Third Stage & feeling good
My partner and I had no such communication problems. On day three, the shortest but steepest, I was feeling good, passing many on the narrow (not even a car would have fit) path up the Wьrzjoch. I held back as I heard him say, “Pulse close to 160, can’t go faster.” I would eventually weaken in the last two days, whereas his diesel was just warming up. On day seven, with about 30 km left to finish the Transalp, we found ourselves in a group of ten, and when he pulled away from us, I yelled, “HEY, no one can keep up. Slow down, PLEASE!” Each of us had our good days; fortunately we complemented each other well, as did our clear and direct communication.
This video gives a good view of the narrow & steep climb up the Wьrzjoch, especially the last five minutes.
Every evening the Transalp published a two-page German-language newsletter, the ‘Gazetta,’ on the day’s stage, which reported on the winners, the next day’s weather forecast, but also included other topics – one discussed team communication: “competition is allowed,” the writer, a sports scientist and psychologist, wrote, between team members as long as the communication remains clear. Felix and I had it down pat. If you communicate well, clearly, directly, respectfully, you form a deep bond that is hard to find in other situations. The stress, the exhaustion, the need to compromise with your own limits and those of your partner, all of this puts relationships to a stress test. If they succeed, they deepen. Shared suffering makes all the difference.
It’s a Race
The other aspect making the Transalp special is the fact that it is timed. It is a race and we middle-aged men and women (indeed the “middle-aged” group at the Transalp is its largest) want that race feeling: transponders on the bike, announcers at beginning and finish, race numbers and teams, feed stops along the way, motorcyclists (doctors and race marshals) accompany your every move, and roads mostly free of cars. And once, when a helicopter just happened to pass by – no, the Transalp doesn’t have that – we felt even more in the race.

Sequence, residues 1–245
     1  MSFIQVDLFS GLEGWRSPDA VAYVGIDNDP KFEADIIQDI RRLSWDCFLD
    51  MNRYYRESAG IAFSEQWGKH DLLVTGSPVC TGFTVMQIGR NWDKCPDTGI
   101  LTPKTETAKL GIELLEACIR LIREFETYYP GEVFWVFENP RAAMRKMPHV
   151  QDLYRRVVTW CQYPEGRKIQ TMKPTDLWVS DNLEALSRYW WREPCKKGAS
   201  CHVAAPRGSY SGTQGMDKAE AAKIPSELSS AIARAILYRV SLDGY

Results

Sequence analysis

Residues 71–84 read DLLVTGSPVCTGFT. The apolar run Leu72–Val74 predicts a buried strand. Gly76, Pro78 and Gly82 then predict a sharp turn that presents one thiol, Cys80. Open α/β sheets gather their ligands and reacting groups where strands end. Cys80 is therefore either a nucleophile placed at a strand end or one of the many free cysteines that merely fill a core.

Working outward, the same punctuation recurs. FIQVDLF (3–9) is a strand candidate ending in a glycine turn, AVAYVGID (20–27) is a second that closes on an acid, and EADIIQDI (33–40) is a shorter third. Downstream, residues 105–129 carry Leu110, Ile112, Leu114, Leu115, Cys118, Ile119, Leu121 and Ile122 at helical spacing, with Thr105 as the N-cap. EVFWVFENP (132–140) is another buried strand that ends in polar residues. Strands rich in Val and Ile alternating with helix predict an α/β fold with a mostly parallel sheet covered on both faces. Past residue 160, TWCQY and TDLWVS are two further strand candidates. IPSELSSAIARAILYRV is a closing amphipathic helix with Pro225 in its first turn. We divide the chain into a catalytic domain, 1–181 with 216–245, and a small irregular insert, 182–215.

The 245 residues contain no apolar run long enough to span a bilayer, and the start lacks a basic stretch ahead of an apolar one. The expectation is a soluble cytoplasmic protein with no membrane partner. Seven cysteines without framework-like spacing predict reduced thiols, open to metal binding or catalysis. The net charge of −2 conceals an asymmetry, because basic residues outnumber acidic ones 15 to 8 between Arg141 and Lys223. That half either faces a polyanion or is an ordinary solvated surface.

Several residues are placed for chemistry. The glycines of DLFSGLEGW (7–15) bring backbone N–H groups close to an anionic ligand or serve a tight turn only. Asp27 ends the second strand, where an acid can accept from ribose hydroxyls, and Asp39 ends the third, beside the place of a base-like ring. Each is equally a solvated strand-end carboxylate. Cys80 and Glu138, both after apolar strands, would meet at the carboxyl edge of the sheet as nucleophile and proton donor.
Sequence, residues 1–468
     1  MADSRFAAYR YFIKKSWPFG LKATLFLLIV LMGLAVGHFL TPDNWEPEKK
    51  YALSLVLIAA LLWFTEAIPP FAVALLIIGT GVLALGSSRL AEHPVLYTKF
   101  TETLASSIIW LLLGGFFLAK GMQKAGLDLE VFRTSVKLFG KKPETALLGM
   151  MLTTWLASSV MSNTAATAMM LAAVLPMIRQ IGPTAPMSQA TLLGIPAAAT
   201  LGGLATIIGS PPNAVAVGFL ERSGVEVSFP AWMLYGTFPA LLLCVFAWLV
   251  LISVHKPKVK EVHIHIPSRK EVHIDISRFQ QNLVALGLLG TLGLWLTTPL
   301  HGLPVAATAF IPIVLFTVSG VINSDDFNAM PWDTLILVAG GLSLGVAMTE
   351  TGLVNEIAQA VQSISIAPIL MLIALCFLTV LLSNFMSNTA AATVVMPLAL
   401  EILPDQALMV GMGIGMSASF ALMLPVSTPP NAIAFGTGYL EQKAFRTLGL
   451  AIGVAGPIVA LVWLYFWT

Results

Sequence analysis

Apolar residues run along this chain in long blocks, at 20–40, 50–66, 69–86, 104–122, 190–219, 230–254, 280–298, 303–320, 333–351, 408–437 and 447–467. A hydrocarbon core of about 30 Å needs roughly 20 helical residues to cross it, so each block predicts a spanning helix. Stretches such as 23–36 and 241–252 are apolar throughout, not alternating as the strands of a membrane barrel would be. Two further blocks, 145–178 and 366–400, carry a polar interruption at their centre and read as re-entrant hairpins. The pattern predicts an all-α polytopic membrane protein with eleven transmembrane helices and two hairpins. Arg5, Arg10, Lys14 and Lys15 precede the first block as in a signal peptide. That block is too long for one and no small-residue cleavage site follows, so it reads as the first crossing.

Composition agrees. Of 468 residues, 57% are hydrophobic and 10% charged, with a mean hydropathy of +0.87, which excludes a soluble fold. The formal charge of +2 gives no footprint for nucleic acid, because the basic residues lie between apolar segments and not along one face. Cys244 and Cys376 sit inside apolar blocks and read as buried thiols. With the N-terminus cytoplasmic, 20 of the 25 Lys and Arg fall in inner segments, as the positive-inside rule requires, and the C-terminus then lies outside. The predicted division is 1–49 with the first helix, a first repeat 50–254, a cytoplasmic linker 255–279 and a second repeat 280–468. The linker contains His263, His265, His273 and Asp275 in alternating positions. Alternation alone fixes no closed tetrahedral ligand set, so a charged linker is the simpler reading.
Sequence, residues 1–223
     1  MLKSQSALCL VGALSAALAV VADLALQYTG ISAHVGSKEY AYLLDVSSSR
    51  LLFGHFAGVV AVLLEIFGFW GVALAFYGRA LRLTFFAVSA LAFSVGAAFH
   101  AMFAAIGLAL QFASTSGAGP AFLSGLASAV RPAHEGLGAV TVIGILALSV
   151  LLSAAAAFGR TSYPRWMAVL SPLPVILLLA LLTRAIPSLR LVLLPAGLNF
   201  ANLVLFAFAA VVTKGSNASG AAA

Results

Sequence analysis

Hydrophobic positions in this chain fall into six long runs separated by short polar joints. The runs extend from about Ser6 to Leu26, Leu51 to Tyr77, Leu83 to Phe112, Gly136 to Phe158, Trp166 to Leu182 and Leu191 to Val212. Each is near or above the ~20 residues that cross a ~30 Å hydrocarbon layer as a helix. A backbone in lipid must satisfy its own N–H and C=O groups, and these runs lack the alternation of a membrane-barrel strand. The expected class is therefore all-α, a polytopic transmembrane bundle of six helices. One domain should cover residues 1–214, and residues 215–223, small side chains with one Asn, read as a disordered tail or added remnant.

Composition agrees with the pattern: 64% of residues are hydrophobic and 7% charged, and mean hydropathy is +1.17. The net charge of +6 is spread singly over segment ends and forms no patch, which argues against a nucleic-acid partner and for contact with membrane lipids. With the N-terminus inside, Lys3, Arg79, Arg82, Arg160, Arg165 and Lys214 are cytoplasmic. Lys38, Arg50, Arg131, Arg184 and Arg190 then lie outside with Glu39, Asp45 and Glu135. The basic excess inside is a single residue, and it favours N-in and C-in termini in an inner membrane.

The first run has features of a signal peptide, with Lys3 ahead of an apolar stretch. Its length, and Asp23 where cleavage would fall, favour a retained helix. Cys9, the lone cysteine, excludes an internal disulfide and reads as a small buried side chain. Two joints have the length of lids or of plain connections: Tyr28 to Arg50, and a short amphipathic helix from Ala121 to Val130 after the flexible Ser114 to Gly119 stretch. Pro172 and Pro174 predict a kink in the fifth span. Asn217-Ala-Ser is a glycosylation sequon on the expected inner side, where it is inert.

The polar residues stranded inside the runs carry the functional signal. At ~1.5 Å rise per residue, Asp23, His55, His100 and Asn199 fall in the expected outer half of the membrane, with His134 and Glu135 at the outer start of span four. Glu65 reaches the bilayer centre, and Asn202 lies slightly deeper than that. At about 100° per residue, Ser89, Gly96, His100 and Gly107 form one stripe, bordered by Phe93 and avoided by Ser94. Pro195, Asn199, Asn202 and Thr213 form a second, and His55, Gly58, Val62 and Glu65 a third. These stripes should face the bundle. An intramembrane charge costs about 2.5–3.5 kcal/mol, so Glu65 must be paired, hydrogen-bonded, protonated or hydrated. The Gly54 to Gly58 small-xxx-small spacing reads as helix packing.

When we suffered major heat on the last few days, with the sun burning down on our backs, we needed and graciously accepted the cold water several fans poured over our heads. Never mind the temps going above 35 to 37°C, we were in a seven-day stage race through the mountains.
This aspect of the Transalp, however, also points to its weakness. While the race is touted as an everyman’s race, too much attention is paid to the leaders. There are many small stories to be told – one mother and father rode the Transalp while their kids drove the support car, handed out water bottles, street shoes, clean clothes at stage end – and I was privy to very few; they were rarely published. You hear them during and after the tour, from the riders themselves. Some were announced at the pasta parties, but since the pasta was uneven at best and the lines were long, we skipped many of them. But at the final pasta party, in 2006 and 2007, everyone was invited on stage to be congratulated and receive the finisher’s jersey – yes, that race feeling. Look out at the crowd, raise both hands, and receive the applause. Stupid perhaps, even slightly embarrassing, but that slight tingle….
Celebrating, slightly haggard.
This year we got the jerseys right at the stage finish without any brouhaha, and the only non-winner cyclists honored on stage at the final pasta party were a team who had improved the most on that day as well as the winner of the raffle for a Dura Ace-equipped Scott Foil. Otherwise it was winners, winners, winners. Sure, they deserve it, but so do many others. Here are a few exemplary stories in and around the race: